But longing for the good old days wouldn’t help me decide what to do with all these chemicals under my sink. So I did what every good minimalist shouldn’t do. I put them all back.
Oh, hey, Betsy. I was wondering where you were. Nice outfit.
Yes, I broke the minimalist credo by putting unused and unneeded items back. I don’t want to keep them, but I couldn’t quite justify throwing it all out and I hadn’t yet confirmed if the items could be donated. So they returned to their home under the sink until I could figure out what to do with them.
The stuff I wanted to keep, like the sponges, dishwasher pods, Windex, Fantastic, Swiffer wet cloths, and the garbage bags, all went to the very front of the cabinet where they would be within easy reach. Like the other cabinets, I would revisit in six months. Step Three complete.
For an abyss, it was relatively easy to clean and organize. It saddens me to think of all the money Mom spent on those products that never got used and would likely never be used by me. This is an unfortunate situation all minimalists face. We look at stuff we’ve bought and will never use and all we can see is the money that we wasted. We know we can’t get that money back but we think if we hold on to the item, at least we still have some value to the money we spent. So we hold on to the items, even though we know we should let them go.
What to do, what to do.
When you’re faced with this dilemma, try not to think about the money you spent, because it’s already gone. Difficult, I know, but instead, try thinking about what holding on to those unnecessary items has cost you and will continue to cost you for as long as you hold on to them.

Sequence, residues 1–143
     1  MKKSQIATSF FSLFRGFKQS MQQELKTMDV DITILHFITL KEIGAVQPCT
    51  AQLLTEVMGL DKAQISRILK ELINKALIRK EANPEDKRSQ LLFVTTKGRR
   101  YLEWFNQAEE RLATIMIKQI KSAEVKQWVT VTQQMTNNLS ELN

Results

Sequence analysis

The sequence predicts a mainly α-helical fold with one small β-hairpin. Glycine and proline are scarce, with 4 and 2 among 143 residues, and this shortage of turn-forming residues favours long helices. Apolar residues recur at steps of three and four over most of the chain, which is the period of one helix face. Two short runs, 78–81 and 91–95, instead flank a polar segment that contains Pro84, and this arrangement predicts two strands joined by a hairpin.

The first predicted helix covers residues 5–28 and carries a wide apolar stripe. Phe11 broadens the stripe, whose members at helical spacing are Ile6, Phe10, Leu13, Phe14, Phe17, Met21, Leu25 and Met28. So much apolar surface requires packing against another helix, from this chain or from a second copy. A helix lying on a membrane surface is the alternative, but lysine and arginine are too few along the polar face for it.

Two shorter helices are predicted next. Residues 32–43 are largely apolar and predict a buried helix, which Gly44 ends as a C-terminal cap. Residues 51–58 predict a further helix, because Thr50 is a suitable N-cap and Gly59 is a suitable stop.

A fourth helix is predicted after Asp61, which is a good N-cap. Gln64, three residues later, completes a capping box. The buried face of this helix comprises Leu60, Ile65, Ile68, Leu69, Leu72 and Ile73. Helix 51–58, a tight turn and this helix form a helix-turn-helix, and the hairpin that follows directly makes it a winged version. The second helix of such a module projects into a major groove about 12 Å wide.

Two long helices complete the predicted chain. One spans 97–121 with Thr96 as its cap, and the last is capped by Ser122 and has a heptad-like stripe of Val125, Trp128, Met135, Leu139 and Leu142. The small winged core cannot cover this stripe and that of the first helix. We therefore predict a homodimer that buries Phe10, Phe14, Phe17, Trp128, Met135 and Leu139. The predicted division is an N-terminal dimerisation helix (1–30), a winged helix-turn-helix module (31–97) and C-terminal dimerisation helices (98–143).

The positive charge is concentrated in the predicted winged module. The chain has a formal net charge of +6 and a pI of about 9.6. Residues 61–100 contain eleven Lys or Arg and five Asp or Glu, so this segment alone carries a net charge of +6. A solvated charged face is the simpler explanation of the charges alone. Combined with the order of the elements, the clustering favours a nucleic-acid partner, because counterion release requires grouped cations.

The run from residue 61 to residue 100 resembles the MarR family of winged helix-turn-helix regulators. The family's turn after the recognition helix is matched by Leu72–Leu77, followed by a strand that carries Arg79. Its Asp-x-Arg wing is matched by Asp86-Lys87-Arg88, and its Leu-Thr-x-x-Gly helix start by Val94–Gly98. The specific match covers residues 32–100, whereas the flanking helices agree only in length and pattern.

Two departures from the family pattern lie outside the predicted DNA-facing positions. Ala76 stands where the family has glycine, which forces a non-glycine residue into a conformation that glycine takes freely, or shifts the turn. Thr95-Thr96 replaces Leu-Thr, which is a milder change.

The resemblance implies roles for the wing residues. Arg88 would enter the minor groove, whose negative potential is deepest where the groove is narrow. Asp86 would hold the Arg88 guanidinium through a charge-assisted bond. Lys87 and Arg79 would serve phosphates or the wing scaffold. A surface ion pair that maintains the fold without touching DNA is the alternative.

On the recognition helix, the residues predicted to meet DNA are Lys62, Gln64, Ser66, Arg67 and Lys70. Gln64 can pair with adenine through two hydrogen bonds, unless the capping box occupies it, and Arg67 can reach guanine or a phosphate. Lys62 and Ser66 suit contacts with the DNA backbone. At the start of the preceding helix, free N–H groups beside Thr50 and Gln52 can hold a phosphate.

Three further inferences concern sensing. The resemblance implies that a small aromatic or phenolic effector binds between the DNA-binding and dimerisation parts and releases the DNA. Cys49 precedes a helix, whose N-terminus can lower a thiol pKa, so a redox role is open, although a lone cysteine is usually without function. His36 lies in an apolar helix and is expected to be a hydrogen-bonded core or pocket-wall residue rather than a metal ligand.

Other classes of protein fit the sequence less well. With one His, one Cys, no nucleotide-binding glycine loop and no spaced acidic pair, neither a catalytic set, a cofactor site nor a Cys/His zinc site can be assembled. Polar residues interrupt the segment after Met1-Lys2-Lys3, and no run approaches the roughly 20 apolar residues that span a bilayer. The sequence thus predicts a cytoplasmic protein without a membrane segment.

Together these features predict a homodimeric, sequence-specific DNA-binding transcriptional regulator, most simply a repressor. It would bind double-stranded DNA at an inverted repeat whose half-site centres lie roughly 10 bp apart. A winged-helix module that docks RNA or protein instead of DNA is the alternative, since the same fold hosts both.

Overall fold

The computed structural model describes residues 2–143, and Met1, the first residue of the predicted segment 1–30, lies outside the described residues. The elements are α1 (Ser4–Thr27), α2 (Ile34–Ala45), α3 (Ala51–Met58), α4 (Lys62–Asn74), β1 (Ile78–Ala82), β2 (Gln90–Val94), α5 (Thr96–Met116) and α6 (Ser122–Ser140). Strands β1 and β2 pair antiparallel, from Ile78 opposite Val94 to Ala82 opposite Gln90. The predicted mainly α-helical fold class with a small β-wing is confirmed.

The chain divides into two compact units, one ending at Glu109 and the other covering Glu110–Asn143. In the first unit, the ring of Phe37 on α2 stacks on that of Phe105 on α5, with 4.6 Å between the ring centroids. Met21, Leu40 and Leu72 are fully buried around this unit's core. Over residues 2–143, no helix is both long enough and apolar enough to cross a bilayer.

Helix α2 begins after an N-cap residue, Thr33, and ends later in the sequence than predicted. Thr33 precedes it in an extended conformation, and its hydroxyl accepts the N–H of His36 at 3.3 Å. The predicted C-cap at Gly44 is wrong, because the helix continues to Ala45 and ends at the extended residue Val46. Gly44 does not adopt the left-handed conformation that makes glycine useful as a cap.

It—your clutter—exists in your home and it exists in your mind. It’s yours. You own it.
Perhaps Tyler Durden said it best.
Are you going to own your stuff or let your stuff own you? Or are you going to get rid of it? Think about that for a while, then decide what you want to do next.
As I’m writing this, it’s been seven months since I did that initial kitchen purge. I wrote in my last post about making a second pass at the kitchen cabinets and drawers. So what did I do with the things I put back under the sink? Well, they say writing things down can help clear your thoughts, and writing this post has certainly helped me clear mine.
The unopened products will be donated. I finally got around to checking, and one of my donation locations will accept unopened cleaning products. I was glad to hear that, because I’m uneasy with the idea of adding more chemicals to the landfill — really, those places are toxic enough as they are. So Tuesday morning (Mondays are too hectic), I will be making another donation drop and get rid of the stuff from under my sink that I’ll never use.
I did throw out the two cans of oven cleaner. When I pulled the cans out, I noticed some soapy-type residue along the top and bottom seams, as well as signs of rust.
These are indications that there is the minutest of leaks in the cans. I could probably still use them, but knowing what I do about exploding aerosol cans, I decided it was best to bypass the donation box and throw them out.
I wish I had a before picture to share with you, but like with the other kitchen cabinets, I didn’t think I would be blogging about my minimalism journey at the time I performed the initial clean out.
So here’s the final “after” picture.
Next up, the closets and all those clothes.